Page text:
Students Put the “Extra” in Extracurriculars

Theodora Guliadis '08

Colorful banners and signs adorning an endless array of tables, enthusiastic and eager college students milling around, music pumping rhythmically in the background, people dressed in boxes and costumes and handing out fliers – if you can recall any of these images then you were most likely at Colgate’s annual Student Involvement Fair on September 7. Every organization on campus joined together to advertise itself with the hopes of achieving a jam-packed sign-up list. This yearly event, put together by all clubs and CAB director James Devito, focuses on promoting student involvement options on campus. The purpose of the Student Involvement Fair is both to increase membership in various organizations and to give students an idea of the diverse opportunities for leadership and involvement offered on campus.

Colgate offers students the opportunity to partake in clubs and organizations that run the gamut from indoor and outdoor athletics, music and theater to volunteerism, politics, religion, culture, Greek life and events planning.

Elisa Benson, an active senior on campus and student advisor of CAB, maintains that “there is just such a rich campus life and there are so many programs available at Colgate. Eventually everyone, despite the time it takes to discover them, finds his/her niche in terms of extracurricular activities and student associations, which he/she greatly enjoys and is willing to dedicate energy, leadership and expertise towards.”

Due to the lack of a city life and the paucity of non-school related activities, student involvement at Colgate is highly dependent upon the participation of its students in order to flourish as a campus and community. Junior Brandon Green agrees, saying that having transferred from a city school, he originally “had a ‘go out into the city and do it yourself’ attitude towards student involvement.” After coming to Colgate, however, he realized that “student involvement is necessary to bring entertainment and other activities to you.”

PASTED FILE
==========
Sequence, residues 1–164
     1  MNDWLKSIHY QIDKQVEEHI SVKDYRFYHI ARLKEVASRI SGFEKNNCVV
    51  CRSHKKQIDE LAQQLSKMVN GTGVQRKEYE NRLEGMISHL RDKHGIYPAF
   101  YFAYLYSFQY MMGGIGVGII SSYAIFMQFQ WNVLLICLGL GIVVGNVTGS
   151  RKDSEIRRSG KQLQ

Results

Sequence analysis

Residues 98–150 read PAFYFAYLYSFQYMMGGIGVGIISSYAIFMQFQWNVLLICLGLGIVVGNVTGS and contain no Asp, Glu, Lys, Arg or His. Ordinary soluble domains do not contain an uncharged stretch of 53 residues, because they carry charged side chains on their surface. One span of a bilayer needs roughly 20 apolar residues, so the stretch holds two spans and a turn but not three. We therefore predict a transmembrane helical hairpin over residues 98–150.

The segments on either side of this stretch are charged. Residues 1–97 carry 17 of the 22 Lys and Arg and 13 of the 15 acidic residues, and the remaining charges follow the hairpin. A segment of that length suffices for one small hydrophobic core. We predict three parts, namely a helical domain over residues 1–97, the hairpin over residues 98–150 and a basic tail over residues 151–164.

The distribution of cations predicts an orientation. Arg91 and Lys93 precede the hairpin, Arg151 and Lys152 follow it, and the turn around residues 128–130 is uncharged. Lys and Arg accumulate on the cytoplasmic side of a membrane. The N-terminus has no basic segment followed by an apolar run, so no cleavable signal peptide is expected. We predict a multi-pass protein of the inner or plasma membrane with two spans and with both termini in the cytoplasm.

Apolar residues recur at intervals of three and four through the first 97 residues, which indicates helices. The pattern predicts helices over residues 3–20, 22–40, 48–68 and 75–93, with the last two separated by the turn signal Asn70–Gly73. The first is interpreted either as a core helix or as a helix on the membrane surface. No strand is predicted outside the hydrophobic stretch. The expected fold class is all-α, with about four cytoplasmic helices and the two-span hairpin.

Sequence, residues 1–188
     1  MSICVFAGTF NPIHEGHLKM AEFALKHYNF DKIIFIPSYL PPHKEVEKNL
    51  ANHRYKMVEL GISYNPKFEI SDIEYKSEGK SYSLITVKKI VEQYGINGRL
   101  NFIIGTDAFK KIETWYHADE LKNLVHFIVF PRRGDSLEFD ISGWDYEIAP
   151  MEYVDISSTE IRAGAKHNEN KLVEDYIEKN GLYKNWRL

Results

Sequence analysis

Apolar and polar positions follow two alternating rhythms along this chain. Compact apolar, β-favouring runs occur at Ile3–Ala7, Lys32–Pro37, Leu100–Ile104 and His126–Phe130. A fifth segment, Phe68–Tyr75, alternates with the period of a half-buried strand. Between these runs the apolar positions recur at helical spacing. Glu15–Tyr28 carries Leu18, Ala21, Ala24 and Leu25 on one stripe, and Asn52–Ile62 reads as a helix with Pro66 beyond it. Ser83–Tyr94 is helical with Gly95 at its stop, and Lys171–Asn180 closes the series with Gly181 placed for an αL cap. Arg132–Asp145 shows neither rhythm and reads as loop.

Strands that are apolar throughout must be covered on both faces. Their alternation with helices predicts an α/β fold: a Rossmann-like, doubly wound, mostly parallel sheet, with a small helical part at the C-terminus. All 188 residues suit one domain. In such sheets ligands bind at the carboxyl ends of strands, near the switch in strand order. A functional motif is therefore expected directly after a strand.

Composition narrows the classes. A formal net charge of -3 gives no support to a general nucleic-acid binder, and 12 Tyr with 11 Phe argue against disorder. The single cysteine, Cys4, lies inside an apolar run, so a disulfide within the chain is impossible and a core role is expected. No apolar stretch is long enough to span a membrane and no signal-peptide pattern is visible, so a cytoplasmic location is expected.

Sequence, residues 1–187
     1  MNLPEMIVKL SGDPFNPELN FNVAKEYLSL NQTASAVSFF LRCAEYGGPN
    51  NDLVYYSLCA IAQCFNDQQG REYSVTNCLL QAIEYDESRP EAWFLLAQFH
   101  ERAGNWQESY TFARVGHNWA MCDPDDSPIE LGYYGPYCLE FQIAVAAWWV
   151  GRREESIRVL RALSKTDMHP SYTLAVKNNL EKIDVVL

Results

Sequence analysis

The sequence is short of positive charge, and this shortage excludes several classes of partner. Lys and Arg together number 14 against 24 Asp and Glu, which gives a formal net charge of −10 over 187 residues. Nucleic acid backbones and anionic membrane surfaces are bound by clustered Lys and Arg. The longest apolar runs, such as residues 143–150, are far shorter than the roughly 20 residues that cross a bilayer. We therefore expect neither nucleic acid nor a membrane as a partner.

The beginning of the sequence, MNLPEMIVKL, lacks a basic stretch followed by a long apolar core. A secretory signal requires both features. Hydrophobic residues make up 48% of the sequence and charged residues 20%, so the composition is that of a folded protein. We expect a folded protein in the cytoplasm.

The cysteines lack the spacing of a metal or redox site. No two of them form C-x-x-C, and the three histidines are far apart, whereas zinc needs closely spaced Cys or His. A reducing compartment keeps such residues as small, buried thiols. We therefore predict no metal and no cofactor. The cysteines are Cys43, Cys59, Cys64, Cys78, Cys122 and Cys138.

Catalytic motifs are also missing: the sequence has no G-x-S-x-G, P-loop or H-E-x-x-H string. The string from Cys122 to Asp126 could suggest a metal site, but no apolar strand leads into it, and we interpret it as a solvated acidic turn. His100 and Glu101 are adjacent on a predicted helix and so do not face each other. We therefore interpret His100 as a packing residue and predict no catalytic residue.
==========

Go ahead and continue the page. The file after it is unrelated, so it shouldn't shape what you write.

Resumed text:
Junior Sun Robinson claims that “Colgate would be a totally different place without student involvement” and that “it’s great that all of the students can craft activities for themselves and invite their peers to get involved. And not just parties; I mean lectures, debates, film series…they’re all such good ways to expand an education.”

Unlike other schools that have extensive options for off-campus entertainment, Colgate relies on the creativity and commitment of its students. Many may even argue that student involvement is what defines the Colgate atmosphere. It is nearly impossible to complete all four years of Colgate without participating in one club or organization. The university’s small size makes student involvement engaging and personable.

Many advantages accompany student involvement on Colgate’s campus. Student involvement is a means through which students familiarize themselves with their school and personal interests. Due to a small campus size, Colgate fosters the ultimate involvement experience wherein students are not limited to just one group.

Another obvious advantage is that student involvement establishes meaningful and wonderful friendships due to the time spent with one another. When asked about student involvement, senior Jameson Hyde remarked, “I think it is good because it gets people to meet other people and increases the interconnectivity among the students and also between the town and college.”